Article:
Women in Bluegrass have not always been common and sometimes still receive a second look when performing within the genre today. According to an article by Robert Oermann and Mary Bufwack, “men responded to [women in bluegrass] by shouting derisively at female pickers, making sexual overtures backstage, or snickering behind their backs” (Goldsmith). Today in class, it was questioned whether women made the choice not to perform Bluegrass or if history and tradition kept them isolated from it. I believe that because women traditionally took care of the cooking, cleaning and childcare, this left them no time to even consider playing Bluegrass. In the same article by Oermann and Bufwack referenced above, Bluegrass musician Delia Bell states,
“Women haven’t had the opportunity men do. Men can just pick up and stay out a week, go to a festival, while women stay at home, take care of the kids, keep house, and all of that. They don’t have the opportunity to get out and learn” (Goldsmith).
There was also not enough money for women in Bluegrass according to Ginger Hammond Boatwright who states, “In country music, women can have a bus or fly; and the work is just on weekends or in the summer. In bluegrass you have to stay out on the road a good while. It’s really hard to leave your family and go on the road” (Goldsmith).
In Thomas Adler’s “Is There a Link between Bluegrass Music and Sexuality?” he gives some early background of Anglo-American folksong. He explains that women were important vocally but were not valued so much instrumentally. “So even though women began to be seen playing bluegrass in the 1960s, it was a long time before there began to be enough really good women bluegrass musicians—women who were not only competent, but excellent—to begin to break down the male observation that women couldn’t pick” (Goldsmith). He also gives a few other reasons why women were not readily welcomed into Bluegrass including the difference in vocal ranges between men and women, the aggressive nature of Bluegrass and the thought that “an all-girl band may…be stereotyped as promiscuous” (Goldsmith).
In opposition to this gender inequality, Connie Walker’s humorous article, “The Plight of the Bluegrass Widow,” encourages female readers to “forget about big boy and start thinking about [themselves],” ensuring that they could “have an enjoyable time doing what [their] hearts desire.” In traditional Bluegrass, the most common way for women to perform the music was through connections with a relative. They were often portrayed as the sister, wife or mother of a male performer and stayed in the background without singing. However, we see female artists throughout Bluegrass breaking this cycle and pursuing solo music as their career.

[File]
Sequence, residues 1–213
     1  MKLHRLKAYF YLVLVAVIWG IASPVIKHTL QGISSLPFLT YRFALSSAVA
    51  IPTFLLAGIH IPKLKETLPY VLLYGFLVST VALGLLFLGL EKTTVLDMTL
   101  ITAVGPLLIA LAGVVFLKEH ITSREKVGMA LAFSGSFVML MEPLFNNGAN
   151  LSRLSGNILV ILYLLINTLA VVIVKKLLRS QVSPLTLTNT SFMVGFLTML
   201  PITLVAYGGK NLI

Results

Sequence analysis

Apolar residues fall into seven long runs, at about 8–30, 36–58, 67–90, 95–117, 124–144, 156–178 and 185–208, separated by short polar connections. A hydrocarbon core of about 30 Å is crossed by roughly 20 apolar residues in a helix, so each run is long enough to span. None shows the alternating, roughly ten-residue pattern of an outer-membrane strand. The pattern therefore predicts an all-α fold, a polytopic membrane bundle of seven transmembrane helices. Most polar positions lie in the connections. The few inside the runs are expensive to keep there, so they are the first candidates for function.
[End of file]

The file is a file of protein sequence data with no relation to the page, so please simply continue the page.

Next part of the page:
In an article by Richard Harrington, Hazel Dickens and Alice Gerrard are described as “the first women-led group to infiltrate the boys’ club of bluegrass music, which made them role models to musicians and, later, inspirations to the women’s movement.” Dickens was raised in the small town of Montcalm, West Virginia and, as we heard on the documentary It’s Hard to Tell the Singer from the Song, never went to high school but instead began working to help support her family. Her father was a timber-hauler and preacher. Her tough childhood background influenced her powerful songs such as “Working Girl Blues” and “Black Lung.” As quoted in Harrington’s article, Lynn Morris states, “Hazel can write about loss, about love gone wrong, without the sense that the woman is this helpless, hopeless victim. She writes from the perspective of a strong woman with a lot of feeling.”
Other women mentioned in the readings this week were Dale Ann Bradley, Naomi and Wynonna Judd, Emmylou Harris, Molly O’Day, Alison Krauss and several others that have “invaded a style that was almost exclusively male twenty years ago” (Goldsmith).
Various articles from Thomas Goldsmith’s The Bluegrass Reader
It’s Hard to Tell the Singer from the Song documentary